DuckDuckGo Private Browser

Source: Wikipedia, the free encyclopedia.
DuckDuckGo Private Browser
EnginesBlink (Android, Windows)[1]
WebKit (iOS, macOS)[1]
Operating systemAndroid, iOS, macOS, Windows
LicenseFreeware (the underlying WebView component provided by the operating system)
Websitehttps://duckduckgo.com/app

DuckDuckGo Private Browser is a web browser created by DuckDuckGo.[2] It is a privacy-oriented browser available for Android, iOS, macOS, and Windows.[3]

The core browser functionality is the WebView component provided by the operating system.[1] This means the browser engine is Blink on Android and Windows, but WebKit on iOS and macOS.

Features

  • Automatically blocks web trackers, and upgrades insecure HTTP connections to HTTPS when possible.[4][5]
  • Has a special "Duck Player" that allows users to watch
    tracking cookies.[6]

History

DuckDuckGo Private Browser was first released for

Windows was released in 2023.[1][13]

Controversies

In May 2022, it was discovered that tracking scripts by Microsoft products like Bing and LinkedIn are not blocked by the browser.[14] DuckDuckGo's founder and CEO explained it by noting that the company was "currently contractually restricted by Microsoft" due to their use of Bing as a provider of results in DuckDuckGo search. This meant the browser could not block Microsoft scripts.[15] In August 2022, however, the company announced that they would block Microsoft trackers in its browsers.[16]

References

  1. ^ a b c d Purdy, Kevin (2023-06-22). "DuckDuckGo browser beta for Windows bakes in a lot of privacy tools". Ars Technica. Retrieved 2023-06-22.
  2. ^ "Does DuckDuckGo make a browser?". duckduckgo.com. Retrieved 9 March 2024.
  3. ^ "Download the DuckDuckGo browser app". duckduckgo.com. Retrieved 9 March 2024.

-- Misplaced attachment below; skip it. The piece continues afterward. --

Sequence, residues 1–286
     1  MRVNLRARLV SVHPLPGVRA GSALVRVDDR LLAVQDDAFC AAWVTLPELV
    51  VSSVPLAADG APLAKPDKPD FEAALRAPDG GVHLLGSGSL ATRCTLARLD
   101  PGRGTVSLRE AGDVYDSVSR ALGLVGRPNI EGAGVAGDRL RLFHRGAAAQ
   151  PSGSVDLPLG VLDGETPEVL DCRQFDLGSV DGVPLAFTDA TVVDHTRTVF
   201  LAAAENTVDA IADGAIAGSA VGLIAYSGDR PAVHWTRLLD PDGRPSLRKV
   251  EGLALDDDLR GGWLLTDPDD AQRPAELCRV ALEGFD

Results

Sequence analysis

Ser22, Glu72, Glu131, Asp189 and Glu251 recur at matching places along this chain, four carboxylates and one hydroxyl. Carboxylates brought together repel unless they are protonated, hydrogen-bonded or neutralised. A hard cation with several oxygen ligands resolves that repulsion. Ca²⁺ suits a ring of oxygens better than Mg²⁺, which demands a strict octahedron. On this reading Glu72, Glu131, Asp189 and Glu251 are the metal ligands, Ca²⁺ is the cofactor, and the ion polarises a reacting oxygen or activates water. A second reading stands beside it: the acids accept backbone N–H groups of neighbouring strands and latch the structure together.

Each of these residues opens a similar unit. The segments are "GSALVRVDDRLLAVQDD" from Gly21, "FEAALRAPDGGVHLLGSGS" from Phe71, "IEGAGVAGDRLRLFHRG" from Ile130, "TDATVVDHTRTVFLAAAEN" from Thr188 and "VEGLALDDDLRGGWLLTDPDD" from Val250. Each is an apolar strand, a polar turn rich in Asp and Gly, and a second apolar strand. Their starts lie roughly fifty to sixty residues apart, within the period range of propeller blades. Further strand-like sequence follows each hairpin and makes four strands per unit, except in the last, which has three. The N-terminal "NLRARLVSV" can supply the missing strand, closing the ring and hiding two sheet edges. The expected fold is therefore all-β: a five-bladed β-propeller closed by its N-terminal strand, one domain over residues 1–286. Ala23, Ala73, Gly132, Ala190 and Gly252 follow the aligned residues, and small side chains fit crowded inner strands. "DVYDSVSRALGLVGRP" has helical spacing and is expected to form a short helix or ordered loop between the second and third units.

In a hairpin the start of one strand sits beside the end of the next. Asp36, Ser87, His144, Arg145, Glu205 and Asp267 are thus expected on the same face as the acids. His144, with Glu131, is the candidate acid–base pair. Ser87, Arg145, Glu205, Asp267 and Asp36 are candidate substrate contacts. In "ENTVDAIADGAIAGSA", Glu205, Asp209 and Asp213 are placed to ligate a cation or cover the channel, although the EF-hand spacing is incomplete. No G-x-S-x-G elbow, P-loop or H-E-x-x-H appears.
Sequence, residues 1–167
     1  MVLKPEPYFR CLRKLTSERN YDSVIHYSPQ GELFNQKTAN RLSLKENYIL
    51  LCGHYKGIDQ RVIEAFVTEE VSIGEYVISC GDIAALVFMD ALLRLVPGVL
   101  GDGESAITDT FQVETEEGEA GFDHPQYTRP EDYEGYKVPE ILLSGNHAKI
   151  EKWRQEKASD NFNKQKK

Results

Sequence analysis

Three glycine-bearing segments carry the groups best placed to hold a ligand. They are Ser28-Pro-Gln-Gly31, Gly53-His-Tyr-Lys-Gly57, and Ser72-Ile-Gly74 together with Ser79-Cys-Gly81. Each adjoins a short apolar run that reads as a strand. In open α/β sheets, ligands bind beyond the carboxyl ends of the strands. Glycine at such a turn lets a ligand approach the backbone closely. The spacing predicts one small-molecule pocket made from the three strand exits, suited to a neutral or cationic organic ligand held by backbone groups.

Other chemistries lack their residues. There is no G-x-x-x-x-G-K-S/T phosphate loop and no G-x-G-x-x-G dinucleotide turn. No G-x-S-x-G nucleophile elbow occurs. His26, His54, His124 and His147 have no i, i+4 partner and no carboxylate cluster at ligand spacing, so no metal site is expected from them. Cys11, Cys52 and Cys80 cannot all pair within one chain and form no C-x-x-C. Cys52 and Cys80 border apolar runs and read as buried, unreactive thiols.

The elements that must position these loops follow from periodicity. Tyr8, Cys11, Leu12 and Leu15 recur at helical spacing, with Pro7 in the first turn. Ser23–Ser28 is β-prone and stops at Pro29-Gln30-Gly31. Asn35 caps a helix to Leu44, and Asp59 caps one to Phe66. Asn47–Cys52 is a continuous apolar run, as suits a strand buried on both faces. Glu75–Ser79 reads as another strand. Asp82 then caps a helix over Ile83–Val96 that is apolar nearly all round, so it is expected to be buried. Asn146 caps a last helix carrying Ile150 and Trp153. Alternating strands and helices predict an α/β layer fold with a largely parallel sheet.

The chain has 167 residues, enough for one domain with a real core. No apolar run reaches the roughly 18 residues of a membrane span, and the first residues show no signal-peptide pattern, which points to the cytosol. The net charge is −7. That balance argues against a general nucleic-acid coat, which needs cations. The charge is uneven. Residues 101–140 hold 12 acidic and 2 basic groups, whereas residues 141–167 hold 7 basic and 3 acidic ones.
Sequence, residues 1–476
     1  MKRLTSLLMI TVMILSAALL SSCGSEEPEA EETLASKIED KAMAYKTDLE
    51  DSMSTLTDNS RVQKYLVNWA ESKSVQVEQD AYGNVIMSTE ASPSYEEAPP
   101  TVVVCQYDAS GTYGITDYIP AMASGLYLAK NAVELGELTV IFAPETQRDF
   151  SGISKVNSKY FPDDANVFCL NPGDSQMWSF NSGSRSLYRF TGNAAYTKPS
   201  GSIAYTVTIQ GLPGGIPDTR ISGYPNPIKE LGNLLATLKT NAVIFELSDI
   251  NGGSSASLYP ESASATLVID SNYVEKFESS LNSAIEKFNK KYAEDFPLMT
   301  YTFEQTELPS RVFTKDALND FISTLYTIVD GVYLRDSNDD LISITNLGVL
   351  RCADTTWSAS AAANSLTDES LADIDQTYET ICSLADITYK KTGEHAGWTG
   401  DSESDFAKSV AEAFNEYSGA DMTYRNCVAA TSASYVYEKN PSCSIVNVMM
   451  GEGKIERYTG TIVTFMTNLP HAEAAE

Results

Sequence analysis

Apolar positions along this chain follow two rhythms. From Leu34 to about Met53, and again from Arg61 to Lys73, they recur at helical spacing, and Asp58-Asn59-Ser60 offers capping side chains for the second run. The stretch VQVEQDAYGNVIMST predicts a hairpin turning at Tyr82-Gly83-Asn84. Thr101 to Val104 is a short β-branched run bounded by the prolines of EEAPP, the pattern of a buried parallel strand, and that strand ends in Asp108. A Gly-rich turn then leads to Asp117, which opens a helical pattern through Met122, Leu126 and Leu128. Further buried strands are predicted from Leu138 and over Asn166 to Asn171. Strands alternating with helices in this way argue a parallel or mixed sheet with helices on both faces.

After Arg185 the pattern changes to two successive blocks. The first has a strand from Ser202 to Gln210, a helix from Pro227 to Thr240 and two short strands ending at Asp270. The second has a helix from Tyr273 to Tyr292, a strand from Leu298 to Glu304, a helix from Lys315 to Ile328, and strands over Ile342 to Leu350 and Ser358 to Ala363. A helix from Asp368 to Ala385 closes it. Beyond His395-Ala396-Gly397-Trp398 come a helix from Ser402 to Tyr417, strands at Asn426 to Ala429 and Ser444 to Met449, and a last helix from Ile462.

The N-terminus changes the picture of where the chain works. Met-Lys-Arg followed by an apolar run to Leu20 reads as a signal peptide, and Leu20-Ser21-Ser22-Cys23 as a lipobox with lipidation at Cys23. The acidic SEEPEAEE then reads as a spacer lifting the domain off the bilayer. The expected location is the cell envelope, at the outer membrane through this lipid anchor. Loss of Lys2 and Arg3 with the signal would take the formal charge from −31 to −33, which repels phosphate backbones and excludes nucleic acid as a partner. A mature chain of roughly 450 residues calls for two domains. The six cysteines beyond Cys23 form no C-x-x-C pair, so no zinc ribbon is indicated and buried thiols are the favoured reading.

4. ^ "Your Connection is Secure with DuckDuckGo Smarter Encryption". Spread Privacy: The Official DuckDuckGo Blog. November 19, 2019. Retrieved 21 August 2023.
  5. ^ "HTTPS Everywhere Now Uses DuckDuckGo's Smarter Encryption". EFF: Electronic Frontier Foundation. Retrieved 21 August 2023.
  6. ^ Weatherbed, Jess (2022-10-18). "DuckDuckGo for Mac is now an open beta". The Verge. Retrieved 2023-08-26.
  7. ^ "Stop Trackers Dead: The Best Private Browsers for 2023". PCMAG. Retrieved 2023-08-23.
  8. ^ Weatherbed, Jess (2022-11-16). "DuckDuckGo has opened up its App Tracking Protection beta". The Verge. Retrieved 2023-01-13.
  9. ^ "Introducing DuckDuckGo App Tracking Protection for Android". Spread Privacy. 2021-11-18. Retrieved 2023-01-13.
  10. ^ "2018 in Review". DuckDuckGo. Retrieved 9 March 2024.
  11. ^ Matt Burgess (12 April 2022). "DuckDuckGo's Privacy Browser Finally Lands on Desktop". Wired. Condé Nast. Archived from the original on 12 April 2022. Retrieved 13 April 2022.
  12. ^ Emma Roth (12 April 2022). "DuckDuckGo's privacy-centric browser arrives on Mac". The Verge. Archived from the original on 12 April 2022. Retrieved 13 April 2022.
  13. ^ Pierce, David (2023-06-22). "DuckDuckGo's privacy-focused browser is available for Windows now". The Verge. Retrieved 2023-06-22.
  14. ^ Spadafora, Anthony (2022-05-26). "DuckDuckGo browser is not as private as you think — here's why". Tom's Guide. Retrieved 2023-08-26.
  15. ^ Claburn, Thomas (25 May 2022). "DuckDuckGo: Why our browsers won't block Microsoft trackers". The Register. Retrieved 2023-09-24.
  16. ^ Benjamin, Adam (August 24, 2023). "DuckDuckGo: What to Know About Google Search's Privacy-Focused Rival". CNET. Retrieved 2023-08-23.

External links